How to Cache Google Maps in iOS for Offline Use

Making Google Maps available offline is a nice feature if you have an iPad or iPod touch that’s only able to connect to the internet via WiFi.

If you have an iPhone or iPad and know you’re going to be in an area where you will get limited or no data connection, you can cache Google Maps for use offline. While you won’t have the luxury of GPS, at least you’ll have a fairly recent map for where you’re headed.

This is also a nice feature if you have an iPad or iPod touch that can only connect to the internet via Wi-Fi. You can download a map and bring your device with you.

Google Maps Offline for iOS

First, of course, you’ll need to download the latest version of Google Maps for iOS. Then launch the app and find the area on the map that you need to save for offline. Make sure to pan and zoom to where you need to be. You actually might want to pan out an area larger than you need it.

But if you select an area that’s too large, a message will come up telling you to zoom in to make the overall area smaller.

Google Map

Next, in the search bar, type: OK Maps and tap the Search button.

Ok Maps

Then you’ll see that your map is being loaded and saved.

loading map

That’s all there is to it! Now you can pull up Google Maps when you’re offline; you’ll have access to the locations you saved. Even though you have a message saying you’re offline, the map can still be used. But don’t expect to see any other area of the maps than what you saved. Also, the cool features like nearby places and traffic aren’t available; at least you’ll know where you’re going.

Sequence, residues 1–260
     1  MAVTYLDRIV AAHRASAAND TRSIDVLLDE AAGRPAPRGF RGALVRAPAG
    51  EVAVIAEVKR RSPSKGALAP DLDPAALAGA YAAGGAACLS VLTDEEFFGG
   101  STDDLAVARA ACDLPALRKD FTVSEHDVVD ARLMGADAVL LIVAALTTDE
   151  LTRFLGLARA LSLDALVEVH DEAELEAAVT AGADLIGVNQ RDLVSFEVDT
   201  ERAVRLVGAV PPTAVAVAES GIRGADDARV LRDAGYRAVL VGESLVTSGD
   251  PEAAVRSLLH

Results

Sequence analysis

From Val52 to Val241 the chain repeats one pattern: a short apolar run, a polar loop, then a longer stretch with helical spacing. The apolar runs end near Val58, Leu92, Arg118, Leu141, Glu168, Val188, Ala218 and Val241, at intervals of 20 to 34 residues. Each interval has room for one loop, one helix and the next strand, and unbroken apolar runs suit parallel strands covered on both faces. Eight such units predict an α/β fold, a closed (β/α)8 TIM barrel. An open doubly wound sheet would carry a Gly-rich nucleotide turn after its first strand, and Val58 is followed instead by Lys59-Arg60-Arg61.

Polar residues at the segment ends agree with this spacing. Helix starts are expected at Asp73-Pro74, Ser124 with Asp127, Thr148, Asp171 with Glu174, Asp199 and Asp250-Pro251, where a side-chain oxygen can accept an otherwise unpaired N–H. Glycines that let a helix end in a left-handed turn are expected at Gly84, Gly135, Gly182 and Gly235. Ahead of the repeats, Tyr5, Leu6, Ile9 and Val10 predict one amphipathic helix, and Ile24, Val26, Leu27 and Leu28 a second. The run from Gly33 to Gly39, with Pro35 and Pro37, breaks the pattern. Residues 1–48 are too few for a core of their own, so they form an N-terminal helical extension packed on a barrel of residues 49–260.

Saved Map

If you’re using an Android device, then check out our other articles on how to save Google Maps on that platform:



  1. Don Ebberts

    Good tip! What I do is if I know I will need a map and won’t have access to wifi, is to pull the map up on Google Maps, although this would work on Apple Maps as well, I am just more comfortable. Once I have the map up, I just hold down on/off key and Home button at the same time and save a screenshot. If I want to get a large overview and a detailed, such as showing what main roads to take and then another one showing details of the neighborhood, I take more than one shot. This seems to work pretty well for me.

    • Steve Krause

      Yup – Love the iPhone Screenshot command. I use it all the time.

  2. Dante Mingione

    Just uploads a map on Oklahoma (OK) for me. Is it because I’m not updated to the new iOS?

  3. eric

    I use an android phone and am researching IOS features as a possible move to switch.
    I realize this is an old post but I don’t understand why you think that caching maps and having limited or no data means
    “While you won’t have the luxury of GPS,…”

    Is that really true on iOS? Of course data network connections have nothing at all to do with connections to a satellite. At least on my phone. I travel all the time with cached maps, no data, and plenty of GPS connection for free.

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